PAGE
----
By Lauren Jessen — ICE Graduate + Blogger, A Dash of Cinema
I’ve never been a big pie person. I can appreciate a good homemade pie with a thick crust and multiple scoops of ice cream, but it’s not the Thanksgiving dessert that I look forward to most. If you fall into the same anti-pie category as me, try making these hazelnut and cardamom sticky buns instead. The cardamom and hazelnut form a delicious flavor duo, especially when paired with this soft, tender dough.
Keep reading for this finger-licking delicious dessert recipe.
By Jenny McCoy — Pastry & Baking Arts Chef-Instructor
A small slice of my career as a pastry chef has been dedicated to introducing bakers to the flavor combination of pumpkin and chocolate. Some of you may have already tasted the duo — if you are one of those people, congratulations and please consider adding some chocolate chips to your Thanksgiving pumpkin pie. However, if you have not had the experience of chocolate and pumpkin combined, stop your holiday baking plans now and redirect your attention to this post immediately. Your Thanksgiving is about to get so much better.
Read on to get the recipe for your new favorite fall dessert.
At ICE, we make it our mission to help students to find their culinary voice — that creative drive within each of us that determines how we express ourselves through food. Whether it’s a career training program, a recreational course in pie crusts or a special event featuring handmade pasta, we’ll give you the tools to hone your culinary creativity. Join us as we ask some of today’s leading food industry pros to share their culinary voice.
When it comes to palate training, Chef Alex Guarnaschelli started young. The daughter of a busy cookbook editor, Alex spent her childhood surrounded by a smorgasbord of food and culinary trends. Since then, she’s honed her culinary voice by cooking alongside the best — including chefs like Guy Savoy and Daniel Boulud — and by leading the charge in her own kitchen, the acclaimed NYC restaurant Butter, as Executive Chef.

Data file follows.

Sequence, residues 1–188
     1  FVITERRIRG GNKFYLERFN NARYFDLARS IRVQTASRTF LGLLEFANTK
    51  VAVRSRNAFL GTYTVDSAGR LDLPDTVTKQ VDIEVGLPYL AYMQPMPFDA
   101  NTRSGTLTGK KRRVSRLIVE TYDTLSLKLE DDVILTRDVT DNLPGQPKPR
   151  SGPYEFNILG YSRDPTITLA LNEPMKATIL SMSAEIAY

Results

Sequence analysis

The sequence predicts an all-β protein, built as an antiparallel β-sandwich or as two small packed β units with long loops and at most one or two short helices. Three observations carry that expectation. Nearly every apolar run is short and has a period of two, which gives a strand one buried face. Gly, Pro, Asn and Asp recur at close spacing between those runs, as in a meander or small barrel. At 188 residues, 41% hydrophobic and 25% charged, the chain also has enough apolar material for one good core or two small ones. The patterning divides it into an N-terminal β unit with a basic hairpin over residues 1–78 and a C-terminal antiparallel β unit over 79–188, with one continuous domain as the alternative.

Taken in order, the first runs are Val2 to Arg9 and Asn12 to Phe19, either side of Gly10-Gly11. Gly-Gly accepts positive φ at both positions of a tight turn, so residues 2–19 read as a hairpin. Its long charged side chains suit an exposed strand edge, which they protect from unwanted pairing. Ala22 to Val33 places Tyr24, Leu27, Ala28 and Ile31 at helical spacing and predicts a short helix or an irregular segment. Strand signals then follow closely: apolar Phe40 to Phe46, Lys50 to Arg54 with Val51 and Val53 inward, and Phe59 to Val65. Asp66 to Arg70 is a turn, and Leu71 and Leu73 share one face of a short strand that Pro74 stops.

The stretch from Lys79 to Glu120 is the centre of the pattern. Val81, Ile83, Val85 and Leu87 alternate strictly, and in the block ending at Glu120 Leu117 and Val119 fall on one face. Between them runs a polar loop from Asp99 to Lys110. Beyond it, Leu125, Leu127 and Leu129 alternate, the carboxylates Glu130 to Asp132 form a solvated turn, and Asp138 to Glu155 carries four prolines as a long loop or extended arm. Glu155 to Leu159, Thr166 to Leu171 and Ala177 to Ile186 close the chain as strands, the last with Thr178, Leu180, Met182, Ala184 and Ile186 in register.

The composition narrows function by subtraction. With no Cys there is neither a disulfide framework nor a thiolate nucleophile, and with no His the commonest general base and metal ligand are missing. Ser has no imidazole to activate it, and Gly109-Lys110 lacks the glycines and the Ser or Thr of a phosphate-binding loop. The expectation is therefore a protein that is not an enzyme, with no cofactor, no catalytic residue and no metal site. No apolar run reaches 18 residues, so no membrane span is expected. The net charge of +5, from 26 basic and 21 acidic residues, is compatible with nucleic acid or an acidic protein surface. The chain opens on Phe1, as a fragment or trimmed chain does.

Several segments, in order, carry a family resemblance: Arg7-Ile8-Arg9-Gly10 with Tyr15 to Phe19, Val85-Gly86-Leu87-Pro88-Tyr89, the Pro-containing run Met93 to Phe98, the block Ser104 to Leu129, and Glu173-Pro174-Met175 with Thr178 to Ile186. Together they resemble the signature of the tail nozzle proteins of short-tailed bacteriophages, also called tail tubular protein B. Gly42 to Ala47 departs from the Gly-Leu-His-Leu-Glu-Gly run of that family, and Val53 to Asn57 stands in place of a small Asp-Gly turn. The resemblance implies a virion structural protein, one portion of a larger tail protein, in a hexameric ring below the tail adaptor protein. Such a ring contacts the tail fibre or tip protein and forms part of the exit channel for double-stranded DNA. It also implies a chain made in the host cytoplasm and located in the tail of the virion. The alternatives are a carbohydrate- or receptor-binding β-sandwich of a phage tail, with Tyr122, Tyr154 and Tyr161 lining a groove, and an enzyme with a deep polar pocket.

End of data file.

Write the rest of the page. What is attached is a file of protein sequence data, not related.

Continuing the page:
Watch the video and discover why Chef Alex Guarnaschelli is embracing a quieter culinary voice, and learning to say more with less.
By James Briscione, Director of Culinary Research
Your Thanksgiving turkey has a secret; and I’m here to tell it: that bird HATES being roasted in the oven. I know it, your turkey knows it and deep down, you know it, too: roasting a whole turkey in the oven just isn’t all it’s cracked up to be. It consumes a massive amount of time, space and energy, none of which I would be against if the results were impeccable. However, the sad truth is that roasting turkey in the oven is inefficient and the end product is imperfect.
I blame Norman Rockwell. Ever since he painted that famed portrait of an American family gazing lovingly at Mom as she places that large, bronzed bird on the table, the whole, roasted turkey has been the Thanksgiving gold standard. I can only imagine how dry the breast of Rockwell’s turkey must have been — he should have painted a 50-gallon drum of gravy in the background because I bet the family would have used every last drop of it.
By Robert Ramsey — Director of Advanced Culinary Center
Searching for inspiration for your holiday table? ICE Chef Robert Ramsey, a specialist in Southern cuisine, is sharing three sides so good it almost hurts to call them “sides” — because, really, any one of these could easily steal the show: creamy sweet potato soup with brown butter, sorghum syrup and sage croutons, Southern-style collard greens with black eyed peas, grilled Chesapeake Bay oysters smothered in garlicky, bacon-y butter… hungry yet? Keep reading to get the recipes. Your holiday guests will thank you.
Read on to learn how to make these show-stealing Southern sides.
By Caitlin Raux
There are many lessons you might expect a pastry chef to teach students: have patience; read a recipe in its entirety; opt for the highest quality ingredients. For Chef Carmine, ICE’s newest Pastry & Baking Arts instructor, his most important lesson is simple: stop saying no to yourself. Because, according to Chef Carmine, a former military sergeant who trained as both a ranger and paratrooper, confidence is the most crucial ingredient for success. Once students pass that barrier, Chef Carmine believes that the rest — from French pastries to truffles to fondant cakes — comes naturally. Chef Carmine’s own careers, both military and culinary, are marked by instances of overcoming self-doubt to achieve success — with plenty of hard work and perseverance in between.